Yesterday, the Select Committee to Investigate the January 6th Attack on the United States Capitol held its last hearing and released the introductory report to its findings. The full report will not be released until tomorrow, but the summary material (which is 154 pages in itself) provides a robust roadmap.I watched some of yesterday’s hearing, and, I’m sure, like any other member of the ethics bar who may have been listening, my ears perked up when Rep. Lofgren outlined
Continue Reading Selected Thoughts From the Select Committee Summary

Hello readers! It has been awhile, hasn’t it? I hit three years and then promptly disappeared.
Hopefully I’ll be blogging more frequently now that the midterms are over and were not nearly as eventful as 2020 (for which we all should be grateful), but to tide you over in the meantime, some quick hits:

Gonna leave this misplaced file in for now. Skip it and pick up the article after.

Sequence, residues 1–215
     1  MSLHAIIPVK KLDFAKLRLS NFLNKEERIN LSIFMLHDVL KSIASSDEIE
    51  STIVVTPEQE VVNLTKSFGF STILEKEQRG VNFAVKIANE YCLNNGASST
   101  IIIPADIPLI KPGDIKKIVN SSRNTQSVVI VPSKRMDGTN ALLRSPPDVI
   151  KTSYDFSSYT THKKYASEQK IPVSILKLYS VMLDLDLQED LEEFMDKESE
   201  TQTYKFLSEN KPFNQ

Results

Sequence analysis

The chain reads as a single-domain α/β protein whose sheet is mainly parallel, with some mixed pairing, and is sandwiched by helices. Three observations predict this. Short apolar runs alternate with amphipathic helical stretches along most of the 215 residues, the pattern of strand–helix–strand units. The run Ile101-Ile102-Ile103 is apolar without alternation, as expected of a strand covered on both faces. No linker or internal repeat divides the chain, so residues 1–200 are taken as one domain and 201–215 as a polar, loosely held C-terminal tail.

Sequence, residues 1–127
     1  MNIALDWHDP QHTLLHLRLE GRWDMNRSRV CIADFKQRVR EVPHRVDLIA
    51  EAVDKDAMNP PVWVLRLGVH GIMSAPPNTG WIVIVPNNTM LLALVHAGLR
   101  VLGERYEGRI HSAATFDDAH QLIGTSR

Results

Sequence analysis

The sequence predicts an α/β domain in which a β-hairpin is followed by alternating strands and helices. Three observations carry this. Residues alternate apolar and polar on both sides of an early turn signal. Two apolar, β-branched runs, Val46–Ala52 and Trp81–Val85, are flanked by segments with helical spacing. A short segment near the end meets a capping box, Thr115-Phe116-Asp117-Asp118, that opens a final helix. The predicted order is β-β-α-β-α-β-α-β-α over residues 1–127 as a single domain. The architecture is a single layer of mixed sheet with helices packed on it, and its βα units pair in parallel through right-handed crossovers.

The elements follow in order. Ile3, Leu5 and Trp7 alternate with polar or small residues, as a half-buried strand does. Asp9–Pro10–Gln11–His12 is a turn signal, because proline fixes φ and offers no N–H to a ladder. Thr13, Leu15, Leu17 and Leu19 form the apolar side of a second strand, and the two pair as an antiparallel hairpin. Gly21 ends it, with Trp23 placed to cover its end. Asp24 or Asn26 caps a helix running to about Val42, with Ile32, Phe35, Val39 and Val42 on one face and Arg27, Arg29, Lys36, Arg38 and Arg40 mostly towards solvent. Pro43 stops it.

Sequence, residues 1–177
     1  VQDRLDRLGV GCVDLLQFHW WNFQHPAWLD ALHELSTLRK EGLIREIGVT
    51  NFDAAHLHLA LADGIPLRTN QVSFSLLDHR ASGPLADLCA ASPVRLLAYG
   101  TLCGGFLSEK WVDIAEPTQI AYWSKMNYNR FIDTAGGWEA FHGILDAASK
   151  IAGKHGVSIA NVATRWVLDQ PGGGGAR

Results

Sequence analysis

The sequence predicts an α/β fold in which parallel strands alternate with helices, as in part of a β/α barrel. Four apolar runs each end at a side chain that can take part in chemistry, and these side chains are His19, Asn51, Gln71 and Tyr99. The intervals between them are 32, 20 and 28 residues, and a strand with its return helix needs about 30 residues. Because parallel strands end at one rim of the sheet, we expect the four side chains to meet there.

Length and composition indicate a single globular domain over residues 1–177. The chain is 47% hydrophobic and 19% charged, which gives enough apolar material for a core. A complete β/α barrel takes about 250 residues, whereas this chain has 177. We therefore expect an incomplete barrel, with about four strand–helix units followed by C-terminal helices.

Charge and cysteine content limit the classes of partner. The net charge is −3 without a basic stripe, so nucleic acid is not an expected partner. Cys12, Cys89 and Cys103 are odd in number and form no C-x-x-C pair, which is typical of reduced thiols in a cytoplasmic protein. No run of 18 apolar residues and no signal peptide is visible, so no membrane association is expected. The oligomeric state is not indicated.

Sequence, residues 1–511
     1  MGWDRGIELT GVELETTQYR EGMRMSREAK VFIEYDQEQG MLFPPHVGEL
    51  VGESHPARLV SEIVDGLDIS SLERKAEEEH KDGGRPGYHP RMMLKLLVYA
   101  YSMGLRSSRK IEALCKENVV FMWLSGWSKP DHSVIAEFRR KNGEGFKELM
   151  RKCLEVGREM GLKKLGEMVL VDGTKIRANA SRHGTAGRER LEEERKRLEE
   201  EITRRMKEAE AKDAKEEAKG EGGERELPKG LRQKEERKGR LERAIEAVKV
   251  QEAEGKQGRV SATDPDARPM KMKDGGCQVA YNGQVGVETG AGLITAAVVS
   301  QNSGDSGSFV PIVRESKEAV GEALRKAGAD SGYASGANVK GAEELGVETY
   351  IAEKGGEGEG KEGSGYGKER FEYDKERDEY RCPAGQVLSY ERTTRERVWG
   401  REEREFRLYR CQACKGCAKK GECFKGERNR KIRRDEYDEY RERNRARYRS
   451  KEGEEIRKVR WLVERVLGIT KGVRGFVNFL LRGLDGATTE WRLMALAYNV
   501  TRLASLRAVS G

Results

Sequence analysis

• Michael Avenatti, of Stormy Daniels, celebrity swagger, and, well, crime fame, was sentenced to an additional 14 years in prison for stealing millions from


Continue Reading Short Takes After a Long Absence

The ABA Journal has reported the curious case of a solo practitioner, Donald Brown, who was suspended for misrepresenting his attendance at Internet-based CLE (and, also, reprimanded him for representing a client in a divorce case after they had been in an intimate relationship, giving rise to a material limitation conflict under its version of Rule 1.7 that was not consented to in writing by the client).
This caught my eye for both the reason for the suspension and
Continue Reading A Disciplinary Twofer in Maine

This blog is three years old. If it were a child it could recognize colors and would hopefully be potty trained, though it still might need an afternoon nap. It launched on October 24, 2019. Before covid. Before Giuliani had visible problems with melting hair and misdirected press conferences. Before the Kraken meant much outside of mythology and maybe crypto. Before my laptop walked away at LAX and nothing bad happened. While I hope to give